Egyptian authorities have unveiled a well-preserved mummy of a woman inside a previously unopened coffin in Luxor, dating back to more than 3000 years.
The sarcophagus, an ancient coffin, was one of two found earlier this month by a French-led mission in the northern area of Al-Assasif, a necropolis on the western bank of the Nile.
The first one had been opened earlier and examined by Egyptian antiquities officials.
Minister of Antiquities Khaled Al Anani said the tomb originally belonged to the overseer of the mummification shrine from the Ramesside period, around 1200BC, and the tomb’s walls were decorated with colourful paintings of the deceased and his family.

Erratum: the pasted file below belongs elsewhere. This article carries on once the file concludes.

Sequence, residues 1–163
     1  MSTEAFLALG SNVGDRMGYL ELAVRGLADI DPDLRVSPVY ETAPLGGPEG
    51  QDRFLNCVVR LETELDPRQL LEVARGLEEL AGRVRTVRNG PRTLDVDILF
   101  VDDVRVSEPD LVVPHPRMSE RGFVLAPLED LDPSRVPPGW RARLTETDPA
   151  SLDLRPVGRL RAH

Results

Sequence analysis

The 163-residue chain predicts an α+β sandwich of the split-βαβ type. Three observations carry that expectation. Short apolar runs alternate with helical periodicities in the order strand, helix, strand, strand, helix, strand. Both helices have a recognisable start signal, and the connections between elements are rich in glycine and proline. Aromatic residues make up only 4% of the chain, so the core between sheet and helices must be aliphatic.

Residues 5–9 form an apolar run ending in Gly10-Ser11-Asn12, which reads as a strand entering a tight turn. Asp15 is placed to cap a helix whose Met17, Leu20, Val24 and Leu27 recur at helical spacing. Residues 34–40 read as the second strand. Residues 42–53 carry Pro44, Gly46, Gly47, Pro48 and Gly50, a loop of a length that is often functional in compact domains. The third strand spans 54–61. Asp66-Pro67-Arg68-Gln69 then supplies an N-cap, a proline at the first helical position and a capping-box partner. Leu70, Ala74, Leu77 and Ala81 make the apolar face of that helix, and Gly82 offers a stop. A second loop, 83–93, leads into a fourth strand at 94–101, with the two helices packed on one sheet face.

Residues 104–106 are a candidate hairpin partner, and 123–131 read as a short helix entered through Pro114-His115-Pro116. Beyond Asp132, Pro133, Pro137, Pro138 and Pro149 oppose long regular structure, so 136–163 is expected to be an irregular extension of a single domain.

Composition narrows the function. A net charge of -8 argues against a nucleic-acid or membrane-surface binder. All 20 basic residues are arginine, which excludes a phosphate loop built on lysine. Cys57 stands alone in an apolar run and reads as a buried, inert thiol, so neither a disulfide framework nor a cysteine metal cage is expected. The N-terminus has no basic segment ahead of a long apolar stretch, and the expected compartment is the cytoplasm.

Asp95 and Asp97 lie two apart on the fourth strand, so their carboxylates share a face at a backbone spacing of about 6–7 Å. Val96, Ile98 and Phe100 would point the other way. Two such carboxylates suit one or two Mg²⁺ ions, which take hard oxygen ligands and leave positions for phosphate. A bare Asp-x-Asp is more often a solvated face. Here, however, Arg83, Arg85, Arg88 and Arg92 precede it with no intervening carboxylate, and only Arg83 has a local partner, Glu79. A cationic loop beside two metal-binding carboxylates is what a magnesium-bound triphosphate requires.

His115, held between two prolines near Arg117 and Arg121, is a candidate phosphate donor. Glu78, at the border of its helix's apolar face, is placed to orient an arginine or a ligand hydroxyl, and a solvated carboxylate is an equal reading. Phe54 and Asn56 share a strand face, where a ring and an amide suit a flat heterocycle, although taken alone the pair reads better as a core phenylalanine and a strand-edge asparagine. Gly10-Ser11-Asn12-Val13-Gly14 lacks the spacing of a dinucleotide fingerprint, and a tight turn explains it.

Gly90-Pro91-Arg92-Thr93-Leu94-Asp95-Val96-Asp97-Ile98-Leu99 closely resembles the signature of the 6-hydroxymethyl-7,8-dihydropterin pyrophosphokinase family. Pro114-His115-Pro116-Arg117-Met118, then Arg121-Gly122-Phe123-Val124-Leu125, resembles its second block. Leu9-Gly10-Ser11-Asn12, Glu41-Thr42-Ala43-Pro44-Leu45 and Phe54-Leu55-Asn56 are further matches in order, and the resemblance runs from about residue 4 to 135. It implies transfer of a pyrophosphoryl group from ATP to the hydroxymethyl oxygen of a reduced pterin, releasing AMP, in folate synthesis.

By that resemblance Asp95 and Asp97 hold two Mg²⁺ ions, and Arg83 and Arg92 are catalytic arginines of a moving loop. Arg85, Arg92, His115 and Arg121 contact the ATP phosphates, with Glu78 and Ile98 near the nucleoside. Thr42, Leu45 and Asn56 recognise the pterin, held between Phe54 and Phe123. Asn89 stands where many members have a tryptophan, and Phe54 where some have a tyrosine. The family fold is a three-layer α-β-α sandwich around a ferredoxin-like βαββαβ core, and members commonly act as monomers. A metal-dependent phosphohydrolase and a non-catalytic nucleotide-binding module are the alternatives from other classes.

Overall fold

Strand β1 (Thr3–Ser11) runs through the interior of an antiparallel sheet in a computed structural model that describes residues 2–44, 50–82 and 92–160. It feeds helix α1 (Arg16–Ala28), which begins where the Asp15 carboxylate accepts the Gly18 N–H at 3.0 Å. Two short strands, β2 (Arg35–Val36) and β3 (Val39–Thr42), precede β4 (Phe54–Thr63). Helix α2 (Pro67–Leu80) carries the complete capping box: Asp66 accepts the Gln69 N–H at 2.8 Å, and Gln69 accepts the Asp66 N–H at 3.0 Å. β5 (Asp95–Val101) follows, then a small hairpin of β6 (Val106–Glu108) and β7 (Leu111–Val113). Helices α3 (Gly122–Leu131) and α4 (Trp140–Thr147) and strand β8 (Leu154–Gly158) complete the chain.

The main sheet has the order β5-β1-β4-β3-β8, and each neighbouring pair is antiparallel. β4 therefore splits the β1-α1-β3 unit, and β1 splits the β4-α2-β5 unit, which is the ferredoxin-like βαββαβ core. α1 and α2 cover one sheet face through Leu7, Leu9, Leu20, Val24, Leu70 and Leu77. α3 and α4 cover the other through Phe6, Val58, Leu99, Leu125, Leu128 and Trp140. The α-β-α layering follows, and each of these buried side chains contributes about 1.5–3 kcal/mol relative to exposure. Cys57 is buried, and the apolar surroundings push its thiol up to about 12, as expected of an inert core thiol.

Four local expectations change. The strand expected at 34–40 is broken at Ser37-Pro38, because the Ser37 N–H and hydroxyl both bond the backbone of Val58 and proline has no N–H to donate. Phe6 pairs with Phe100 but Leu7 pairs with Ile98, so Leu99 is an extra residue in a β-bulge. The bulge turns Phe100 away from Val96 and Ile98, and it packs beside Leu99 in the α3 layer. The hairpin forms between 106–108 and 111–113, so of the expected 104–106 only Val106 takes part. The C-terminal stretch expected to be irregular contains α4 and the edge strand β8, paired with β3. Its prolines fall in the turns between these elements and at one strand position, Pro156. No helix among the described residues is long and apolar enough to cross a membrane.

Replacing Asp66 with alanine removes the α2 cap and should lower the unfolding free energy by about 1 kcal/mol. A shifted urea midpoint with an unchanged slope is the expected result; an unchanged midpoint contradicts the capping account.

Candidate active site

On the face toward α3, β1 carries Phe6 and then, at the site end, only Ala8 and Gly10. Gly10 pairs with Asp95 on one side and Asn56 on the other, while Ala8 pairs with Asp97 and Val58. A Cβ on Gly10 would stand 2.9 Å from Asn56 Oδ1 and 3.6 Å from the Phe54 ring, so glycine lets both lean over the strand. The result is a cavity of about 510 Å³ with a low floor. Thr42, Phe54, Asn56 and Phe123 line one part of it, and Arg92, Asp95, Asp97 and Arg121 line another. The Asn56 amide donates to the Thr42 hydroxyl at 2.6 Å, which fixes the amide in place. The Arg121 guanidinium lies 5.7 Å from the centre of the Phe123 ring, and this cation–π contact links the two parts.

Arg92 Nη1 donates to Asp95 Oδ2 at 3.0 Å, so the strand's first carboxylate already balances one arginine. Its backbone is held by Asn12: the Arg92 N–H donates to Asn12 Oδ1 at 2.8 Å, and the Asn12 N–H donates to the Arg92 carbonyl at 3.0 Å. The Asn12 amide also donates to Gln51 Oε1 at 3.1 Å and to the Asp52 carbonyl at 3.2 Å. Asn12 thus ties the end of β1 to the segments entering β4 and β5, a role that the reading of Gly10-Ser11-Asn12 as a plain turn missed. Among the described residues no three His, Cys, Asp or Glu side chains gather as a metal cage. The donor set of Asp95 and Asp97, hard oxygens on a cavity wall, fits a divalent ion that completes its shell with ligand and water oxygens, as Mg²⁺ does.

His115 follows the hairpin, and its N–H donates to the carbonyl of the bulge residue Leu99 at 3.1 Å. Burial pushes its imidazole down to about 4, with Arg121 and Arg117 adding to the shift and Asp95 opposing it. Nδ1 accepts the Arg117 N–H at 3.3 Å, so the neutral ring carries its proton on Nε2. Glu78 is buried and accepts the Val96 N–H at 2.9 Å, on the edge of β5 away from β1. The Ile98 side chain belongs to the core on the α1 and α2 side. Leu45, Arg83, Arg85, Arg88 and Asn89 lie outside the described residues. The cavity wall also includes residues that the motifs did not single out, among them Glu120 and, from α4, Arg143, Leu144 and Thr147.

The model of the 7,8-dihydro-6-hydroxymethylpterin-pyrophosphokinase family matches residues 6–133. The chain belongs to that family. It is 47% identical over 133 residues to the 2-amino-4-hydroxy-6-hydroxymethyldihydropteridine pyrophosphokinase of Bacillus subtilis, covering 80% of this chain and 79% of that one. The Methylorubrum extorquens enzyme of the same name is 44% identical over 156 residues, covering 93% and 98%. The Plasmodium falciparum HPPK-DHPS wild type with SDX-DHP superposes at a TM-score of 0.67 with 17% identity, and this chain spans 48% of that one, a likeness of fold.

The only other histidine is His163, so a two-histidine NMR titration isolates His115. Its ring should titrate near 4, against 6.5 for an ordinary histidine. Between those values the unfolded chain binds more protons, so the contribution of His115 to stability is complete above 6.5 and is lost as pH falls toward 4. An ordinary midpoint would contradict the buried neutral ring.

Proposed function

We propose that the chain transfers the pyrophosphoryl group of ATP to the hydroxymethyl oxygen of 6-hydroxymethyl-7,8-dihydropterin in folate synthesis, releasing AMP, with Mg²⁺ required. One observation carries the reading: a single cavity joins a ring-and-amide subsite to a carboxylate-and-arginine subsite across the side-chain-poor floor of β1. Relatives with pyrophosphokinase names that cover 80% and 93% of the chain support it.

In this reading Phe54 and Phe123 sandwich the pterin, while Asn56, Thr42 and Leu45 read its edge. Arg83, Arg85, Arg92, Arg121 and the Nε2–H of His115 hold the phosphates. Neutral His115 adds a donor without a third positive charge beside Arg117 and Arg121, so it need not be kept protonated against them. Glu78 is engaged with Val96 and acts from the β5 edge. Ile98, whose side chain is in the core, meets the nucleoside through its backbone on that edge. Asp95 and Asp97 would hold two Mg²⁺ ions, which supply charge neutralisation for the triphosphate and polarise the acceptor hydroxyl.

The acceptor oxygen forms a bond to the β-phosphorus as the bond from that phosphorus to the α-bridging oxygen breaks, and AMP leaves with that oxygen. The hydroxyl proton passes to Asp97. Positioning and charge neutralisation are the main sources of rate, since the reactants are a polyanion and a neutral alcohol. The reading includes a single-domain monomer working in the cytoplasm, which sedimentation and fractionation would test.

In a further twist, the tomb contained two intact wooden sarcophagi from a much later era, which Mr Al Anani described as “magnificent”.
Photos from inside the tomb showed one of the human-shaped coffins, mostly black but covered inside and out with golden designs, as well as a chamber containing the partially unwrapped, mummified remains.
The tomb was found by an archaeological mission affiliated with the University of Strasbourg in France.
Egypt’s tourism sector was hit hard by political instability after the 2011 uprising and subsequent security crackdown, but began to turn around in 2017, especially in cultural tourism hot spots like Luxor, 700 kilometres south of Cairo.
Once the ancient capital of Egypt, Luxor contains the largest and best-preserved temples from the time of the pharaohs, and the nearby Valley of the Kings is famous as the site of the tomb of King Tutankhamen, discovered in 1922.